If you want to index the values in a column in descending order, you can add the reserved word DESC after the column name:
ON tutorials_tbl (tutorial_author DESC)
ALTER command to add and drop INDEX:
There are four types of statements for adding indexes to a table:
ALTER TABLE tbl_name ADD PRIMARY KEY (column_list) : This statement adds a PRIMARY KEY, which means that indexed values must be unique and cannot be NULL.
ALTER TABLE tbl_name ADD UNIQUE index_name (column_list): This statement creates an index for which values must be unique (with the exception of NULL values, which may appear multiple times).
ALTER TABLE tbl_name ADD INDEX index_name (column_list): This adds an ordinary index in which any value may appear more than once.
ALTER TABLE tbl_name ADD FULLTEXT index_name (column_list): This creates a special FULLTEXT index that is used for text-searching purposes.
Here is the example to add index in an existing table.
mysql> ALTER TABLE testalter_tbl ADD INDEX (c);
You can drop any INDEX by using DROP clause along with ALTER command. Try out following example to drop above created index.
mysql> ALTER TABLE testalter_tbl DROP INDEX (c);
You can drop any INDEX by using DROP clause along with ALTER command. Try out following example to drop above created inde x.
ALTER Command to add and drop PRIMARY KEY:
You can add primary key as well in the same way. But make sure Primary Key works on columns which are NOT NULL.
Here is the example to add primary key in an existing table. This will make a column NOT NULL first and then add it as a primary key.
mysql> ALTER TABLE testalter_tbl MODIFY i INT NOT NULL;
mysql> ALTER TABLE testalter_tbl ADD PRIMARY KEY (i);
You can use ALTER command to drop a primary key as follows:
mysql> ALTER TABLE testalter_tbl DROP PRIMARY KEY;
To drop an index that is not a PRIMARY KEY, you must specify the index name.
Displaying INDEX Information:
You can use SHOW INDEX command to list out all the indexes associated with a table. Vertical-format output (specified by \G) often is useful with this statement, to avoid long line wraparound:
Try out following example:
mysql> SHOW INDEX FROM table_name\G
answered Sep 13, 2013 by ashish singh
edited Sep 12, 2013
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ndexes are used to find rows with specific column values quickly. Without an index, MySQL must begin with the first row and then read through the entire table to find the relevant rows. The larger the table, the more this costs. If the table has an index for the columns in question, MySQL can quickly determine the position to seek to in the middle of the data file without having to look at all the data. If a table has 1,000 rows, this is at least 100 times faster than reading sequentially.
Most MySQL indexes (PRIMARY KEY, UNIQUE, INDEX, and FULLTEXT) are stored in B-trees. Exceptions are that indexes on spatial data types use R-trees, and that MEMORY tables also support hash indexes.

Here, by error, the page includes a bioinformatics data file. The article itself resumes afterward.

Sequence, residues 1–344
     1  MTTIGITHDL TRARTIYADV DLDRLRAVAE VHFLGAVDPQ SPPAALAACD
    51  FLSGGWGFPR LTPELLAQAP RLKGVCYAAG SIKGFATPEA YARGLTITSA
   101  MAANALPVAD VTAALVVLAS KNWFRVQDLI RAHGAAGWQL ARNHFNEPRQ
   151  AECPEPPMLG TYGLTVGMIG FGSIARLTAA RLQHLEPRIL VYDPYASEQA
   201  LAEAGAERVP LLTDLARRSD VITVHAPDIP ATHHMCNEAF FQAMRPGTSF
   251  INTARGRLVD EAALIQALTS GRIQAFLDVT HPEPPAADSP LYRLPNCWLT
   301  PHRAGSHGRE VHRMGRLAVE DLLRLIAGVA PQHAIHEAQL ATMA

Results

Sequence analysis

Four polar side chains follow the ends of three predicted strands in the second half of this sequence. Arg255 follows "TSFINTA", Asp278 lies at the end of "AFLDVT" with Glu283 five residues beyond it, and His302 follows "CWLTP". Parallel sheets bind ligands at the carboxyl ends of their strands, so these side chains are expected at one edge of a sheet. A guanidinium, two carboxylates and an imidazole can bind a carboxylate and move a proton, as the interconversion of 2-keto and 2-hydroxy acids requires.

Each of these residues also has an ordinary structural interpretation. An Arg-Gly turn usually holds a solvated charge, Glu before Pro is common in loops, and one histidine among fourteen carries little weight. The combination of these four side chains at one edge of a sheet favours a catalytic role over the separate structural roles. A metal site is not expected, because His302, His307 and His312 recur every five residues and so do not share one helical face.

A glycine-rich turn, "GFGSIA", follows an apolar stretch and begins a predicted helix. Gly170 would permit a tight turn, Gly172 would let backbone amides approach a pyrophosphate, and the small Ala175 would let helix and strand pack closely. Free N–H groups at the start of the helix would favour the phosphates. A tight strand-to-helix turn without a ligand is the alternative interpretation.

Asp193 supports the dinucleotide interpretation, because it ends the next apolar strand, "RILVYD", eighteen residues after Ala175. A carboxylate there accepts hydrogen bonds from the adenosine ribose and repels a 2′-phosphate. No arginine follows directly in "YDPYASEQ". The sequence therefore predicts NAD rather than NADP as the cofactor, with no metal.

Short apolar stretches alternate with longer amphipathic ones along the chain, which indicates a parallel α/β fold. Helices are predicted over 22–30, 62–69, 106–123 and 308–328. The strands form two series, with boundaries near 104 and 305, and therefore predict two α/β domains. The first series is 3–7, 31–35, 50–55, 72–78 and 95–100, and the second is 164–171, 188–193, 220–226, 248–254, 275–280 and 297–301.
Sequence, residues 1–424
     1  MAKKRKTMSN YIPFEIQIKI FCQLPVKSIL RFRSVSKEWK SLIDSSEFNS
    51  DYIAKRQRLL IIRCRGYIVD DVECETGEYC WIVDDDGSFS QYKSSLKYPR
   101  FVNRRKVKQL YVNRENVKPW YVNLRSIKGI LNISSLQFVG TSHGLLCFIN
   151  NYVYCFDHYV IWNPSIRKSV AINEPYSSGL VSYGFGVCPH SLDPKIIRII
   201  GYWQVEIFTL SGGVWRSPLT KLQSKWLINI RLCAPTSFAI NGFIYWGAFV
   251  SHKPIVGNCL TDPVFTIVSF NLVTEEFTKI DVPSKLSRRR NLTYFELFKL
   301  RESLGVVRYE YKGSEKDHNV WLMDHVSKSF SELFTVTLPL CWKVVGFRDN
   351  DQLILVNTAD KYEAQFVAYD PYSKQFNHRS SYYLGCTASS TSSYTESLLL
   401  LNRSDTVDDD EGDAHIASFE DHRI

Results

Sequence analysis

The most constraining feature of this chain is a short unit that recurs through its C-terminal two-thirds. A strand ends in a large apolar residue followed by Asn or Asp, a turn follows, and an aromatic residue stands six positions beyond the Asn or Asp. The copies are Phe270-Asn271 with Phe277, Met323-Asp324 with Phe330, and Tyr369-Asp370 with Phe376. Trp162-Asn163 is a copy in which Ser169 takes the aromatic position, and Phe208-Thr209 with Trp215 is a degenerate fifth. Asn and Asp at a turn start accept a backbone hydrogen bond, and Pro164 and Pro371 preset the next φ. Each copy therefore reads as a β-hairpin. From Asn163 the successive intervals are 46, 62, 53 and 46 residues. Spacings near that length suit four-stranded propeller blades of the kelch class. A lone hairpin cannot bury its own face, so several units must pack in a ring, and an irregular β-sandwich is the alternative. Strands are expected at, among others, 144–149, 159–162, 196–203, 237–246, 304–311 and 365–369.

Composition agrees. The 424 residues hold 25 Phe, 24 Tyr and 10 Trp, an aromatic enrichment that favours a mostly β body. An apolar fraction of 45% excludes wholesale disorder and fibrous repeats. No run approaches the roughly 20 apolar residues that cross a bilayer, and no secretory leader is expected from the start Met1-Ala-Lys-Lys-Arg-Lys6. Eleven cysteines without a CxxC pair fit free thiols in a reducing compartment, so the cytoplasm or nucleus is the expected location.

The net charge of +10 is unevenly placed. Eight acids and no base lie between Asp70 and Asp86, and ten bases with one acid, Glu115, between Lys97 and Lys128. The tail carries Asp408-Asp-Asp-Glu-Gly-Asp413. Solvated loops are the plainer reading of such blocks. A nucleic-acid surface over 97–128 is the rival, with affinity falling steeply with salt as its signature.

In general, indexes are used as described in the following discussion. Characteristics specific to hash indexes (as used in MEMORY tables) are described at the end of this section.
MySQL uses indexes for these operations:
To find the rows matching a WHERE clause quickly.
To eliminate rows from consideration. If there is a choice between multiple indexes, MySQL normally uses the index that finds the smallest number of rows (the most selective index).
To retrieve rows from other tables when performing joins. MySQL can use indexes on columns more efficiently if they are declared as the same type and size. In this context, VARCHAR and CHAR are considered the same if they are declared as the same size. For example, VARCHAR(10) and CHAR(10) are the same size, but VARCHAR(10) and CHAR(15) are not.
Comparison of dissimilar columns may prevent use of indexes if values cannot be compared directly without conversion. Suppose that a numeric column is compared to a string column. For a given value such as 1 in the numeric column, it might compare equal to any number of values in the string column such as '1', ' 1', '00001', or '01.e1'. This rules out use of any indexes for the string column.
To find the MIN() or MAX() value for a specific indexed column key_col. This is optimized by a preprocessor that checks whether you are using WHERE key_part_N = constant on all key parts that occur before key_col in the index. In this case, MySQL does a single key lookup for each MIN() or MAX() expression and replaces it with a constant. If all expressions are replaced with constants, the query returns at once. For example:
SELECT MIN(key_part2),MAX(key_part2)
  FROM tbl_name WHERE key_part1=10;
To sort or group a table if the sorting or grouping is done on a leftmost prefix of a usable key (for example, ORDER BY key_part1, key_part2). If all key parts are followed by DESC, the key is read in reverse order. See Section 8.13.9, “ORDER BY Optimization”, and Section 8.13.10, “GROUP BY Optimization”.
In some cases, a query can be optimized to retrieve values without consulting the data rows. (An index that provides all the necessary results for a query is called a covering index.) If a query uses only columns from a table that are numeric and that form a leftmost prefix for some key, the selected values can be retrieved from the index tree for greater speed:
SELECT key_part3 FROM tbl_name
  WHERE key_part1=1
Indexes are less important for queries on small tables, or big tables where report queries process most or all of the rows. When a query needs to access most of the rows, reading sequentially is faster than working through an index. Sequential reads minimize disk seeks, even if not all the rows are needed for the query. See Section, “How to Avoid Full Table Scans” for details.
answered Sep 13, 2013 by ashish singh
edited Sep 12, 2013